3.1 – Vowels

Proto-Norse had five vowels, represented by five runes (the (ː) means ‘short or long’; they could also be nasalized):

  • u*ūruʀ – /u(ː)/
  • a*ansuʀ – /a(ː)/
  • i*īsaʀ – /i(ː)/
  • e*ehwaʀ – /e(ː)/
  • o*ōþilą – /o(ː)/

These could be either short or long, and some were also nasal.

In later Proto-Norse, they may not have always sounded exactly like that. The language experienced something called umlaut, where a sound in one part of the word effected a sound in another.

The language had already gone through one of them. A-umlaut has a “lowering” effect. The word horna mentioned above on the Gallehus Horn comes from Proto-Germanic *hurną. The a at the end of the word turned the high vowel /u/ into a lower vowel /o/. Proto-Germanic actually did not have a short /o/ sound, only a long one, but Proto-Norse had plenty thanks for a-umlaut.

Later on, the language would also go through i-umlaut and u-umlaut, in that order. I won’t get into it too much here, but these are the processes that create the sounds of æ, ǫ, ø, and y. In Proto-Norse, the word for ‘child’ was *barna and the plural, ‘children,’ was *barnu. Because of u-umlaut, the latter was actually pronounced more like bǫrnu [ˈbɔrnu] in West Norse. For a while, you would still write them b a r n a barna and b a r n u barnu because the -u ending is actually actively causing the sound change. Therefore a could have the sounds [a] or [ɔ], but it was dependent on other sounds in the word (kind of like in English, bit and bite have two different ‘i’-sounds, which is signaled by the ‘e.’ It’s a good thing we kept the ‘e’ or we’d be screwed trying to tell them apart in writing).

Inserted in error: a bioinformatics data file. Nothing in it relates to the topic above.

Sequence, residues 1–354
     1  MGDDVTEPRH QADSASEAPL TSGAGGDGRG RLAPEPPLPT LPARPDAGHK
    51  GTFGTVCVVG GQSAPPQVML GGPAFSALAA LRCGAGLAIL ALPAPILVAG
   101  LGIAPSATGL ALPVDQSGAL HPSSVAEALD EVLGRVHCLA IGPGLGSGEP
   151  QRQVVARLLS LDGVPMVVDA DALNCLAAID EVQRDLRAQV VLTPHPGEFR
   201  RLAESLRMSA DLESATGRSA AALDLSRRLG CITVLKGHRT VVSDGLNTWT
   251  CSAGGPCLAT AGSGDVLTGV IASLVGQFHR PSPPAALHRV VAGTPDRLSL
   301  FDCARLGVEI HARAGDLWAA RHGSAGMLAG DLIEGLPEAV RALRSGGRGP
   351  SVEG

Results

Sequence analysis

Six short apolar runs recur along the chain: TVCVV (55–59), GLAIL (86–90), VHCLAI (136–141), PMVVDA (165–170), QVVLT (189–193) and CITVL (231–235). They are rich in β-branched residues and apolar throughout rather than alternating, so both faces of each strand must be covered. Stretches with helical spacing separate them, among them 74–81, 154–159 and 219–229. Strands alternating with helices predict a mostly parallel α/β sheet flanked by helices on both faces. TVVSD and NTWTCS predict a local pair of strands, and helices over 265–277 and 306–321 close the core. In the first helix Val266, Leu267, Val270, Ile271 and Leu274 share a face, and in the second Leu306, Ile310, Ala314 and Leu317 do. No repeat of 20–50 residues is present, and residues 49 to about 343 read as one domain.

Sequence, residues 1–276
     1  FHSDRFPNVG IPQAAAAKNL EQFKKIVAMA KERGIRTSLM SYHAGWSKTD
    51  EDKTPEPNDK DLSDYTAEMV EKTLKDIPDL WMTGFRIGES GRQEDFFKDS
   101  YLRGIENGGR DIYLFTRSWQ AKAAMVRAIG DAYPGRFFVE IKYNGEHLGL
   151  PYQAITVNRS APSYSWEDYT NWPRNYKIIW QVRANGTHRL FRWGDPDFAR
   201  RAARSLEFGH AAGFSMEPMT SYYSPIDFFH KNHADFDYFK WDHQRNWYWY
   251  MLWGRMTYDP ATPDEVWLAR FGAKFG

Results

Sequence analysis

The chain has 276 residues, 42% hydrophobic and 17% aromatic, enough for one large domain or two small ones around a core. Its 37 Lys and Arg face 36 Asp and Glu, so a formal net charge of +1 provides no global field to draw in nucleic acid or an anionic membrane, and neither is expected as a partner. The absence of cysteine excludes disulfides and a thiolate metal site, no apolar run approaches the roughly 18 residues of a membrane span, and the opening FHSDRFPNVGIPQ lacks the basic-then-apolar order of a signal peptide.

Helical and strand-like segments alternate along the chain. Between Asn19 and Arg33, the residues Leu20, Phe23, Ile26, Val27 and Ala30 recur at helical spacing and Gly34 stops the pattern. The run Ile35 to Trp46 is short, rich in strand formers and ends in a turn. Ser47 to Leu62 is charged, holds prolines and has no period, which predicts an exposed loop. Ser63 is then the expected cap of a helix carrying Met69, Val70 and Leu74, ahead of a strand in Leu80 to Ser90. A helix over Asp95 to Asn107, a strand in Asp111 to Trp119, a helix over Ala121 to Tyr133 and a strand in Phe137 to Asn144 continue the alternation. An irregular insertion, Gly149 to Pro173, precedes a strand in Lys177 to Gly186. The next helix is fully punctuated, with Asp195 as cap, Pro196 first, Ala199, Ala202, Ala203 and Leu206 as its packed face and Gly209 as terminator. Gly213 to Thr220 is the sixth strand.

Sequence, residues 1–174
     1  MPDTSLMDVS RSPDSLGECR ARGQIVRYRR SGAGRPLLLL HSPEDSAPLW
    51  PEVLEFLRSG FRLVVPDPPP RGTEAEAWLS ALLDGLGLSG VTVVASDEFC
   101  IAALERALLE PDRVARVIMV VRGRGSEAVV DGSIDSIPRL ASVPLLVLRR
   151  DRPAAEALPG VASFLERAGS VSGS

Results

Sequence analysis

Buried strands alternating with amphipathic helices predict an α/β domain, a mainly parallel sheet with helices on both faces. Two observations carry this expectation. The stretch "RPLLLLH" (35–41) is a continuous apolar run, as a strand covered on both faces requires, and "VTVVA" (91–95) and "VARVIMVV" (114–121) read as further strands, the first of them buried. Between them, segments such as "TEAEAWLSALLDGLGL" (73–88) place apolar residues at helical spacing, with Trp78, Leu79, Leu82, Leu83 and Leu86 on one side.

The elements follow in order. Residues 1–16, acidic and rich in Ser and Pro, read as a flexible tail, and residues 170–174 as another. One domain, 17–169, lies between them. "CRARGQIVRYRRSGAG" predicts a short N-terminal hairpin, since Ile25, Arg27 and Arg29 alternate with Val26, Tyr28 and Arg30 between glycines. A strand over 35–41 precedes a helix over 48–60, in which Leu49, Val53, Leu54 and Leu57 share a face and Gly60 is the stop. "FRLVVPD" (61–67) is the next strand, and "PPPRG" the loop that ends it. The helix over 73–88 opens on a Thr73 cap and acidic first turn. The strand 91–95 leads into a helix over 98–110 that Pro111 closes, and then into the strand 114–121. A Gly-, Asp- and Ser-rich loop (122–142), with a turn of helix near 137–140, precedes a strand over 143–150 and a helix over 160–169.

But eventually the ending was lost, but the pronunciation of the first part didn’t change. So the [ɔ] sound needed its own letter to distinguish, and thus ǫ was born.

3.2 – *Īhwaʀ

You may have noticed I left something out among the vowels. ï *īwaʀ or *īhwaʀ. This poorly-understood rune, which is usually transcribed ï, does not fit with our understanding of Proto-Norse. The word *īhwaʀ itself is highly debated – it looks like there were variants and *īhwaʀ itself may not have been any of them, but is a combination of *īhaʀ and *īwaʀ (you might notice I sometimes slip and forget the h… the Norse ýr had to have come from a form with the w). It definitely means “yew,” but what form it had back then has proven extremely difficult to reconstruct.

Whatever the word was, it seems to have started with the same sound as the normal i-rune, *īsaʀ, so following the principle that rune names start with the sound they stand for, it seems redundant. In that case, it’s also possible that it was more like *ingwaʀ or *algiʀ and stood for a sound other than its first value (which would make it not a vowel at all!). It is debated whether that ī is accurate though.

Note: it is a popular belief that the rune stood for a sound written /ē₂/ in transcriptions of Proto-Germanic – I am myself quite guilty of perpetuating this when I’d done less research than I have now. This has not been ruled out by all linguists and runologists, but it is one of the less widely accepted beliefs. Somewhat more likely is that it actually stood for /ē₁/, which disappeared in transition to Proto-Norse, but this too is usually rejected on grounds that among the wide array of functions the rune is put to in West Germanic, none of them have anything to do with /ē₁/.

In Scandinavia, it only ever shows up in inscriptions of the whole rune row like the Kylver stone, or in inscriptions which have not been interpreted  (at least not to general acceptance of other runologists). It’s shape continued to be used for cypher runes however, see: the Rök Stone: https://www.abdn.ac.uk/skaldic/db-jpeg.php?id=22636&zoom=1